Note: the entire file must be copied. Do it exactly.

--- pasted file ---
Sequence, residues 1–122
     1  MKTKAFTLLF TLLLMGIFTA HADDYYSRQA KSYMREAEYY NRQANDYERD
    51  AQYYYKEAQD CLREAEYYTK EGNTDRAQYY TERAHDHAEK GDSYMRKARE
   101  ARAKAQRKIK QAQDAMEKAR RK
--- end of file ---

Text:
Sequence, residues 1–122
     1  MKTKAFTLLF TLLLMGIFTA HADDYYSRQA KSYMREAEYY NRQANDYERD
    51  AQYYYKEAQD CLREAEYYTK EGNTDRAQYY TERAHDHAEK GDSYMRKARE
   101  ARAKAQRKIK QAQDAMEKAR RK